He remembers one bleak and foggy day when he didn’t have enough oil for the lamp to read at night. Now he has leisure to read and to think, to take sensual pleasure in a cup of tea, and to be scornful about vegetarianism, because now he can afford a bit of beef. He enjoys the winter sunshine and waxes lyrical about English comfort (as distinct from style). It comes as a shock to realise that he is writing about the end of his life at the age of only 54, an age now considered only middle-aged. But in the 19th century many men died before their fifties, and he worries that he doesn’t have enough time left to learn all that he wishes to know before he dies. (He’s still buying books!)

He feels he has, through no fault of his own but merely circumstance, wasted some opportunities, and wishes he could have a second chance.   Alas, he does have a rant here and there, about everything from English prudery to Old Testament beliefs, but the book concludes on a peaceful note, the author reconciled with his life and the world he lives in.

Author: George Gissing
Title: The Private Papers of Henry Ryecroft 1903
Publisher/Source: Project Gutenberg 1463 Download from here.


Responses

  1. Oh, I must read this. I read New Grub Street a few years ago and enjoyed it a lot. An interesting late Victorian novel with a debt to Dickens. I think you’d like it because it’s about writers and art versus commerce thereof (as I recollect).

    It’s astonishing really, how many writers there are out there … we think we MUST have at least heard of them but they keep on cropping up don’t they?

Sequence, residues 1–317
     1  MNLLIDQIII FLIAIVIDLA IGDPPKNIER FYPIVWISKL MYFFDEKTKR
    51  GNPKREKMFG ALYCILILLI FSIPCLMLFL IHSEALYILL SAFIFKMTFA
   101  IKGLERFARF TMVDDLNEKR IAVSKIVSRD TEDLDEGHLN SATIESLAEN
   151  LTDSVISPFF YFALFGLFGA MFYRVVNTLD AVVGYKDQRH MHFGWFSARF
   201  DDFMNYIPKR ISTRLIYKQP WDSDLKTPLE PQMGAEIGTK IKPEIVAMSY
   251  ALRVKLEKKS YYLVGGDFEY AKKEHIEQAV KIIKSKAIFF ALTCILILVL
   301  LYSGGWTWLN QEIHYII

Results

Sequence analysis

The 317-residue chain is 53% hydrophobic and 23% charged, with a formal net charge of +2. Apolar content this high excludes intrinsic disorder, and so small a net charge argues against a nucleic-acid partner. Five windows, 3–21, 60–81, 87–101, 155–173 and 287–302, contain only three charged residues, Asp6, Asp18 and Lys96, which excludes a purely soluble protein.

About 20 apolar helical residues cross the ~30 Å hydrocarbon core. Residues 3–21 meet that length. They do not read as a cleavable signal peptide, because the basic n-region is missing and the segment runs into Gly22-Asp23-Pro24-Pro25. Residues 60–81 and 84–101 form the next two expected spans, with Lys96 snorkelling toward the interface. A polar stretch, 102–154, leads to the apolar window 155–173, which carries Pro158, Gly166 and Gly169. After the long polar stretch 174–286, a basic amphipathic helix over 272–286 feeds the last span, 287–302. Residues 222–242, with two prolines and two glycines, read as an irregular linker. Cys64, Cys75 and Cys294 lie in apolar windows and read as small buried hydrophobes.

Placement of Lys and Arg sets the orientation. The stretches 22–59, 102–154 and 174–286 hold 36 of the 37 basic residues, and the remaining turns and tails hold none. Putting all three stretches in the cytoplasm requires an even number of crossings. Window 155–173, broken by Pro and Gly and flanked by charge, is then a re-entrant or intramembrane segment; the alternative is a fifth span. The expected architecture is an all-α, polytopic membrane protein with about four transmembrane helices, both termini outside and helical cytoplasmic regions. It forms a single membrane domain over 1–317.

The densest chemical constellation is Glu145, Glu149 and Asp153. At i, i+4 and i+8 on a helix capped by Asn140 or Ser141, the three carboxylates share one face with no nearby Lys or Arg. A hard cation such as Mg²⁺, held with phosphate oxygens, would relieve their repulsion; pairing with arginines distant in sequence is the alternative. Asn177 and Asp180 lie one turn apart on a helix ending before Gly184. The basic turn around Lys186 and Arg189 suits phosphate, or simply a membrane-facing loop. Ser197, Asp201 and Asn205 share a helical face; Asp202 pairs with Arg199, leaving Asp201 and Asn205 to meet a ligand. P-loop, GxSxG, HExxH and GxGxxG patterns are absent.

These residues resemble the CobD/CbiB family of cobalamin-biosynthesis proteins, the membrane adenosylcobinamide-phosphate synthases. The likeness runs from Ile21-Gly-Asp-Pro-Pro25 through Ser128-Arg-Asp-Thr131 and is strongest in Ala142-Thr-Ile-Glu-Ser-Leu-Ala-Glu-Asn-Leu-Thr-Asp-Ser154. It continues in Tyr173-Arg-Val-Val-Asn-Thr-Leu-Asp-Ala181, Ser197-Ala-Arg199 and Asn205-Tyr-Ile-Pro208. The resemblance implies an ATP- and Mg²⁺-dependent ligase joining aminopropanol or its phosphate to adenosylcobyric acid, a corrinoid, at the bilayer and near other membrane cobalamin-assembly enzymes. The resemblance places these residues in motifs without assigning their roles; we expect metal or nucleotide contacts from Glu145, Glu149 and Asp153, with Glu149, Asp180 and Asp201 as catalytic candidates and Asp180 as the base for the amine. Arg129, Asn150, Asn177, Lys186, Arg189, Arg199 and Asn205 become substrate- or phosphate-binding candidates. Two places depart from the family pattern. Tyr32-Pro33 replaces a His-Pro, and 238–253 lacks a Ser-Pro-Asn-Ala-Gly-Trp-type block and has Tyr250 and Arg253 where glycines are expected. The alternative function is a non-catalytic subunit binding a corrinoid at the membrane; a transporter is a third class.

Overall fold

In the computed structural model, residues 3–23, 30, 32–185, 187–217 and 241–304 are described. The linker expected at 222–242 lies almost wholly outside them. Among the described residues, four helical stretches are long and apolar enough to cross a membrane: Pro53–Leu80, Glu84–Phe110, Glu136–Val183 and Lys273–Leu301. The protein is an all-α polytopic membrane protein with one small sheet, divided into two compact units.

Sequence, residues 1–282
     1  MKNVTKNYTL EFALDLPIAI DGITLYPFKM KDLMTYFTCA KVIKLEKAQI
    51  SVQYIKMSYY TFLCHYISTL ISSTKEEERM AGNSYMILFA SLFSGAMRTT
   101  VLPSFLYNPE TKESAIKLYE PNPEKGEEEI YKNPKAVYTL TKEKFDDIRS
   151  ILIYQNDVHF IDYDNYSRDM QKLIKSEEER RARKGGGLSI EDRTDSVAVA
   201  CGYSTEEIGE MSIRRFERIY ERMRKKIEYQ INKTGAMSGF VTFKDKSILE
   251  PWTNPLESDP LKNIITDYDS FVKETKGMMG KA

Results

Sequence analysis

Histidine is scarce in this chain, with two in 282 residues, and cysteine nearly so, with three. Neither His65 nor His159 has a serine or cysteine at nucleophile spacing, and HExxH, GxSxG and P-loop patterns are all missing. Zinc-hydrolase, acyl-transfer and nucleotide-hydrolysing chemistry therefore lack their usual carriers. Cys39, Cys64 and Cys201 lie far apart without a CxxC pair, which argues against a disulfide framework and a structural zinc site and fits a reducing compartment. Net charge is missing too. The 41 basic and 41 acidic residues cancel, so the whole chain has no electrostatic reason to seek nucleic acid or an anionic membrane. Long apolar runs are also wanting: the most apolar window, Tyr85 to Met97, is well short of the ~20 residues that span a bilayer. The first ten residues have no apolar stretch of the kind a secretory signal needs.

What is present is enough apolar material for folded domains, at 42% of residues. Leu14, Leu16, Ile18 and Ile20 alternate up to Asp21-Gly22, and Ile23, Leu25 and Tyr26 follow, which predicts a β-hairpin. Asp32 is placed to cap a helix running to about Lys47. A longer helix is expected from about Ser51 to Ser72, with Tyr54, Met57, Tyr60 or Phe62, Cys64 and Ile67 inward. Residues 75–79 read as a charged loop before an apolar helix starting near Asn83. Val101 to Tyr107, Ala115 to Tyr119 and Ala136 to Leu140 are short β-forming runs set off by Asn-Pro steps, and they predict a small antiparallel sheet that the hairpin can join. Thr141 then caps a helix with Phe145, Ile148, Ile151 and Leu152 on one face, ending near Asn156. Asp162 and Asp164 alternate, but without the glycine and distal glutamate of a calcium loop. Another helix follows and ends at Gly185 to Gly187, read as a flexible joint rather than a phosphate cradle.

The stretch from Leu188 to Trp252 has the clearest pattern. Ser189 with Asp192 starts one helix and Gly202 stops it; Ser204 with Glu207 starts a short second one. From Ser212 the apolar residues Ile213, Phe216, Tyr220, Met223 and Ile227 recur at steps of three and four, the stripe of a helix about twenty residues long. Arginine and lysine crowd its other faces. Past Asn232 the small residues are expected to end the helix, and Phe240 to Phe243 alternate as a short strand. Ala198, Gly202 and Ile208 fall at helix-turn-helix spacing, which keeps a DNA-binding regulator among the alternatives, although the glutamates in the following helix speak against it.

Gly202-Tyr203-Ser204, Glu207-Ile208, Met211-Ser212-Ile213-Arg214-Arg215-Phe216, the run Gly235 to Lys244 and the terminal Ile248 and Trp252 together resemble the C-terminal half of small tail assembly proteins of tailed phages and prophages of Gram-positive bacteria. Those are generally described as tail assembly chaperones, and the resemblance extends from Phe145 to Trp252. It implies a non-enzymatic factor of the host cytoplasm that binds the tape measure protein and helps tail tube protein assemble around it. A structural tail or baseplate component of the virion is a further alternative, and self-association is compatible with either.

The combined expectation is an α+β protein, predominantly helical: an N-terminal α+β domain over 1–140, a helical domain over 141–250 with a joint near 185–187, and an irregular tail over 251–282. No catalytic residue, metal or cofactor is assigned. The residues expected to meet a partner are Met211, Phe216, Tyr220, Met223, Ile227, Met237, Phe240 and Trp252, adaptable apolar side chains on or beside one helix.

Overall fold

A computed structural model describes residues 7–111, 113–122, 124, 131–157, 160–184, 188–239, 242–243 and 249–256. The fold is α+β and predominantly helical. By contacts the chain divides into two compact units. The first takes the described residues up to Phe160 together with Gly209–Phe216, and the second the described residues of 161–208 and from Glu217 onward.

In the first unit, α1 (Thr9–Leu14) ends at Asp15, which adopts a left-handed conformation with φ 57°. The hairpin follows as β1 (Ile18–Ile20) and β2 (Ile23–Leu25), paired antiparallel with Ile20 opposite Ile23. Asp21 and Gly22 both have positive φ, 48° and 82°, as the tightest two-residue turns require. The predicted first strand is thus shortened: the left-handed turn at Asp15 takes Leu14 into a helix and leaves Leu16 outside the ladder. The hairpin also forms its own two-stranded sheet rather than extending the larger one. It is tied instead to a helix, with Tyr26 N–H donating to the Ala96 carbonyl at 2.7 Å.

• Grub Street will be next, then! I like the sound of that:)

      • Yes — it’s fascinating for the social history for a start so I’m sure you’ll enjoy it.

        • I’ve just been reading elsewhere about the value of historical fiction for learning about an era – and that’s true (if the book is well-researched) but I do think that there’s no substitute for reading the fiction of the time. Austen, Dickens, Thackeray, Hardy – and now Gissing, shivering in his London garret – these writers have shaped my ideas about C19th Britain as no other writers have.

          • I agree, though of course with all fiction you have to realise it’s fiction and so history isn’t its goal. With that in mind though you can glean a lot, particularly from works of the time, as you say.

            (Just like The slap will tell people next century all about Melbourne now! LOL, couldn’t resist that. I’m naughty that way!)

            • *gasp* Noooooooooooooo

  2. This review prompted me to re-read my own (long-ago) thesis on Gissing. I wrote about his female characters and focussed on topics such as marriage, sexual mores, and the fate of single women. In particular The Odd women, The Whirlpool and In the year of Jubilee all seem to have made a big impression on me and I would like to commend them to readers. It’s true that he didn’t deal in high tragedy – no Tess of the d’Urbevilles – but his shop girls and secretaries are equally interesting and illustrate Gissing’s perplexity over the ‘New Woman’, that wonderful phenomenon of the late nineteenth-century!

    • *chuckle* Even though I’ve only read The Private Papers, I can just imagine his perplexity, Ros! I certainly intend to read more of him and have already downloaded Grub Street to my Kindle.
      How did you come to choose him for your thesis?

  3. I saw some George Gissing quite recently, in a second hand book shop. And didn’t snap it up. Oops. Wonder if it’s still there?

    • Scamper back.
      But if it’s gone, download Kindle for PC and then scour manybooks.net or project gutenberg. How I love the people who put their time and energy into making these resources freely available!